Saturday, March 5, 2011

Elmer Gantry

I finally got the notion to read Elmer Gantry (Sinclair Lewis, 1927) and a fine notion it was.

I had always thought I had a copy somewhere. No, it was Babbitt.  I vaguely remember reading Babbitt in the muddy feedlots of freshman English.  Lewis, an ugly troll, had a remarkable run:  Main Street (1920), Babbitt (1922), Arrowsmith (1925), Elmer Gantry (1927), Dodsworth (1929) and the Nobel Prize for Literature  in 1930, the first American author so distinguished. The acceptance of the Prize ended this enchanted run. The rest was rather undistinguished and he spent the next twenty years drinking himself to death. He died in Rome in 1951 at the age of 65.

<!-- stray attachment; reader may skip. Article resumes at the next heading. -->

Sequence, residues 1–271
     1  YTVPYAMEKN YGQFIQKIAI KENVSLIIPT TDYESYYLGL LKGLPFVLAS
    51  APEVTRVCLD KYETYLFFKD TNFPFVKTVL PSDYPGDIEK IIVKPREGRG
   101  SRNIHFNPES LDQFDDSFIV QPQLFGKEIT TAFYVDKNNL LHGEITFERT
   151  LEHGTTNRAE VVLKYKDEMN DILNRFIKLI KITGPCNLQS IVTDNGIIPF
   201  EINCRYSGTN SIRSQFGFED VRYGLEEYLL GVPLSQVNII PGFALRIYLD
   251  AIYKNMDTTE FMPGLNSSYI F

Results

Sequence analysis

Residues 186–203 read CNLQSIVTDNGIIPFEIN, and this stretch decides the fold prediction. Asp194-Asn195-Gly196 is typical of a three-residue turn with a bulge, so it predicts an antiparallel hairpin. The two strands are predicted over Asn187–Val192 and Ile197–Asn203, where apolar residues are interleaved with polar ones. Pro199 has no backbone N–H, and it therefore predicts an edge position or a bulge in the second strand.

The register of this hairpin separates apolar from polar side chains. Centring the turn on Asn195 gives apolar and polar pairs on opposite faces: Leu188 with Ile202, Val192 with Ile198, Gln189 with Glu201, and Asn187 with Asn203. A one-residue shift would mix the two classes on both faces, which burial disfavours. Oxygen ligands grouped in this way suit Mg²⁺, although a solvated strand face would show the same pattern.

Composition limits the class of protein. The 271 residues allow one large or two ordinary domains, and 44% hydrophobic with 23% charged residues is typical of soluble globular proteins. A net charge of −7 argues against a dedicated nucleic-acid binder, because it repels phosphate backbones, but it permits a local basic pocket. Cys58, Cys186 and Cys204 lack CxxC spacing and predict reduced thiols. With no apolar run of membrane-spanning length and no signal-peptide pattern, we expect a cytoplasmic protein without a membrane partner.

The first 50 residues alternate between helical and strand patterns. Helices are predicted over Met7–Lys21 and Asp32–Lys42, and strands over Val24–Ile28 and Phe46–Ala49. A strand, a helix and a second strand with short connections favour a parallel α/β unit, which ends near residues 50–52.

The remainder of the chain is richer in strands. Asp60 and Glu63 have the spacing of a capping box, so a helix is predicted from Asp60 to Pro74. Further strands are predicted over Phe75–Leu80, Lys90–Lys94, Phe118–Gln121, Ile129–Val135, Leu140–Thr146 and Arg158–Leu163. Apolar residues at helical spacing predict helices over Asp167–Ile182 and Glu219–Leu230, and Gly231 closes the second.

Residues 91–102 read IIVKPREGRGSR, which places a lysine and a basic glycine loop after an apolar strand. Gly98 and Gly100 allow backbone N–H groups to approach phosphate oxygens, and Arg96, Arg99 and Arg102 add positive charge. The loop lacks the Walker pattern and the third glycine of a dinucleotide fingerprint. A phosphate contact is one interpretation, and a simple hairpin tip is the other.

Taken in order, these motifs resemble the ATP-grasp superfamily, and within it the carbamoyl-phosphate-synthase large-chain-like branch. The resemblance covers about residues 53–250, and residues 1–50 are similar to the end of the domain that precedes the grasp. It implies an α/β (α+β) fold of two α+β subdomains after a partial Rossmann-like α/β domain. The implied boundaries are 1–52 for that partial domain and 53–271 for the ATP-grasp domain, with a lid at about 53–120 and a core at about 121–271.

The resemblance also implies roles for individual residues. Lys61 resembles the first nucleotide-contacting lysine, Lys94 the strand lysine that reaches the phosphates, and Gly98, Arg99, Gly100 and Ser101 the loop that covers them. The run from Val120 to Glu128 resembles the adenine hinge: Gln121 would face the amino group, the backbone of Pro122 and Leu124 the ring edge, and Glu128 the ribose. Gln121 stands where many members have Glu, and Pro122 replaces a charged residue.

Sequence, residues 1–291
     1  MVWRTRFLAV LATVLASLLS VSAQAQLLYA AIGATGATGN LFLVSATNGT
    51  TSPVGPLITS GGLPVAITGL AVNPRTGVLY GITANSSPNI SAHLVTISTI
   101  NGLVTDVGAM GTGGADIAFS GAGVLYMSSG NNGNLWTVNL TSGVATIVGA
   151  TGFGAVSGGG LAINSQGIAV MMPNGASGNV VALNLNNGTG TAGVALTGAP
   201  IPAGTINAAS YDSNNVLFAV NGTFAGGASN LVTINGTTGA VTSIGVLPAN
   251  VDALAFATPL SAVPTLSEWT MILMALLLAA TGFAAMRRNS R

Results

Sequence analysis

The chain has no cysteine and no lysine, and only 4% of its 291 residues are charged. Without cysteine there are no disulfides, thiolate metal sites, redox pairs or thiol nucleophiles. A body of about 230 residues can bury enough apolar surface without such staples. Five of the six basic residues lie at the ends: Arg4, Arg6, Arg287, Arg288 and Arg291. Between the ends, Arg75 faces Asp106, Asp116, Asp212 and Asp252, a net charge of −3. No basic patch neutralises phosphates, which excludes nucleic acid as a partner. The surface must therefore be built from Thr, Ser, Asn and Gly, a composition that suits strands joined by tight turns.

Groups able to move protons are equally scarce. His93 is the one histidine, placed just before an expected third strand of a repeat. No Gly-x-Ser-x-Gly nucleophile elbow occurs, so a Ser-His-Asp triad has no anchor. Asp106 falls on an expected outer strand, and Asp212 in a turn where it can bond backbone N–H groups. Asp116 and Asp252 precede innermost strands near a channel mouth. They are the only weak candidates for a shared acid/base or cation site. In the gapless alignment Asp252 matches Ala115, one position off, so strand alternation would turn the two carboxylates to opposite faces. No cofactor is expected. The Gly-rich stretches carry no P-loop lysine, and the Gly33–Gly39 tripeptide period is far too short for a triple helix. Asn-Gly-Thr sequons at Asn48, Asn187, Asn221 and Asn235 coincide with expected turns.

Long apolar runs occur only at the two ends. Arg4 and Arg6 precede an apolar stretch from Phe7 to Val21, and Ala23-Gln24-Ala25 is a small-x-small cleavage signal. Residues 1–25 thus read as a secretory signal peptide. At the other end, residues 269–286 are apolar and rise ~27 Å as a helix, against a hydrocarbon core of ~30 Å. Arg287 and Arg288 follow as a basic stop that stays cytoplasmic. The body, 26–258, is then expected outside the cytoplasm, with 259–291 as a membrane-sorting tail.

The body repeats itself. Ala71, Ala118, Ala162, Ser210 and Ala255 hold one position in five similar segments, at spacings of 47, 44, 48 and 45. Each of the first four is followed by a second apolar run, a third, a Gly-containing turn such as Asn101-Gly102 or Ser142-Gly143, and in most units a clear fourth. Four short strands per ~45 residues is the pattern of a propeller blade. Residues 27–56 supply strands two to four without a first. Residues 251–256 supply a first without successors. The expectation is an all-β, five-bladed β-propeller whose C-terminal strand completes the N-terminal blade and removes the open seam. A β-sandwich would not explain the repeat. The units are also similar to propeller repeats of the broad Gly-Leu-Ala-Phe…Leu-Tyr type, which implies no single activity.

Elmer Gantry was the high water mark of Lewis' literary career. It is a great rambling thing with many enchanting story elements. Richard Brooks took the best of them, changed them 'round and made a fine movie of it. I watched it again and it has lost nothing.

Lewis' prose was uncluttered and would rise infrequently to the level of poetry. I rather liked him.

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